Steven Cerra, copyright protected; all rights reserved.
It was in incredible.
My first experience listening to the
Dave Holland Big Band involved a track that lasted 17.26 minutes, and yet, it felt like it was over in a flash.
How can something with a duration of nearly one-third of a minute seemingly elapse so quickly?
After listening to this selection - What Goes Around – the title track from the band’s first CD on ECM [#1026] - I was instantly and completely absorbed in the music of this big band.
In case you are not familiar with
Dave Holland, he is a bassist who assumes a very dominant and propulsive role in the band’s music.
How can you swing a big band with from the bass chair?
And yet, that’s exactly what’s happening in this band’s music – the bass player is the driving force behind it – both figuratively and literally.
But, bringing all of these skills to bear in a big band is quite a different matter as, more-often-than-not, the sound of the bass is lost in such surroundings.
In addition to
Dave’s bass and the sterling musicianship of the other players, it is the nature and quality of the big band’s arrangements that distinguish its music.
Traditionally, big band arrangements have been tightly configured vehicles ruled by the constrictions of time and structure. Initially, one reason for this was to take commercial benefit of the earliest records, which along with radio broadcasts, supper club and ballroom appearances, served to generate audiences for the big bands.
The big band tradition came into existence at a time when 7-10” 78 rpm recordings were the mainstay, thus allowing for approximately minutes of music to be captured on them.
The temporal and spatial restraints of these early 78’s curtailed the time available for the playing out of a big band arrangement and related solos.
Typically, the earliest big band arrangements, particularly from their
in The Swing Era, 1930 – 1945, involved a statement of the melody and the release [bridge], brief solos by one or two instrumentalists and then a slightly altered restatement of the theme to close things out. high point
The advent of the long-playing album in the 1950s made possible longer recorded performances which resulted in more time for featured soloists and the interspersing of riffs, interludes and “shout choruses” [fanfare-type choruses that preceded the closing restatement of the theme], thus extending the typical big band arrangement to approximately 4-6 minutes.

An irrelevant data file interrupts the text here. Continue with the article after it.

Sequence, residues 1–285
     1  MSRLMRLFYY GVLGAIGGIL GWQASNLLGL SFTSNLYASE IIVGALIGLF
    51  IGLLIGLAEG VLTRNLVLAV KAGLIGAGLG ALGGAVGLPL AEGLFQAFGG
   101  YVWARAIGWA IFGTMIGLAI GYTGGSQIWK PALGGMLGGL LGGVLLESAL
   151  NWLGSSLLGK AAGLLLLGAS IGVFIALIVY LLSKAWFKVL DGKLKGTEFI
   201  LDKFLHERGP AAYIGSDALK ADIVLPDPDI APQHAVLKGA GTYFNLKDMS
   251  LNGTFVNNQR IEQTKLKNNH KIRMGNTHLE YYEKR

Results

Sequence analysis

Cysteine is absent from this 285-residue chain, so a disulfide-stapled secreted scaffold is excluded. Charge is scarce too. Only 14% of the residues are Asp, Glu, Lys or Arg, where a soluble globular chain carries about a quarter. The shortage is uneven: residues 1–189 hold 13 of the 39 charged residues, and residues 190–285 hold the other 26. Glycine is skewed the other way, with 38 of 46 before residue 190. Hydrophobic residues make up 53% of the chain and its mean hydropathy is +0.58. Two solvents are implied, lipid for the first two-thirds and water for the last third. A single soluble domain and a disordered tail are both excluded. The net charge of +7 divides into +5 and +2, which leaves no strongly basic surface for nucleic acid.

Of course, there were exceptions to this format and these usually occurred when a big band was recorded in performance at a club or Jazz Festival. One of the more notable examples of such an extended, recorded performance was the classic 20+ choruses by tenor saxophonist Paul Gonsalves on the 14.37 minutes of Diminuendo and Crescendo in Blue on the Duke Ellington at the Newport Jazz Festival Columbia LP.
But here again, the structure of the arrangement is largely patterned after the more traditional big band arranging format which is altered to allow Gonsalves time to spin his saxophone magic and enchant the crowd at Newport, Rhode Island’s Freebody Park on July 7, 1956.
There were also exceptions to this generalization by arrangers who emphasized concert or orchestral approaches such as those associated Stan Kenton, as well as, big bands scored for by Gil Evans and Gerald Wilson, and, of course Duke Ellington’s extended suites.
Due to copyright restrictions, the crackerjack graphics theme at CerraJazz
LTD was unable to use the music from the “first impression” What Goes Around recording on its video tribute to the Dave Holland Big Band.
Instead, it, turned to a live performance of
Dave’s tune The Razor’s Edge from the band’s appearance at the 2005 North Sea Jazz Festival which contains smashing solos by Alex "Sasha" Sipiagin on trumpet, Steve Nelson on vibes and Gary Smulyan on baritone saxophone.
Dave’s arrangement of the tune, you can hear all of the ingredients that make the band so engaging, engrossing and enthralling such as:
- collective improvisation by one, two instruments or even the entire band as an element in the arrangement and/or a background for the soloists to improvise over
- stop time
- the rhythm section “laying out” [stops playing to create a sudden background of quiet]
- restating the theme between solos
- rhythmic riffs played behind soloists and between solos
- alternating such riffs between sections [i.e.: brass and reeds] to give them contrasts
- counter melodies played between sections
- multiple shout choruses as a prelude to the closing theme
Basically, the arrangement is being elongated to allow the soloists to expand their solos, a format which is more characteristic of Jazz in a small group rather than a big band setting.
And, by variegating these orchestral backgrounds, it serves to energize the soloists who now have many more stimuli to chose from as a springboard for their improvisations.
The implementation of all of these arranging, orchestrating and scoring devices provides for a landscape of continually changing sonorities that keeps the music interesting for both the musicians and the listener.
Amazingly, given the variety of the devices employed, they always seem to occur in exactly the right place in the charts for
With all this going on in the music, is it any wonder that time seems to standstill while listening to it?
If you are looking for something “new and different” in your big band fare, why not give the music of the
Dave Holland Big Band a try.
Don’t be surprised if you lose track of time while doing so.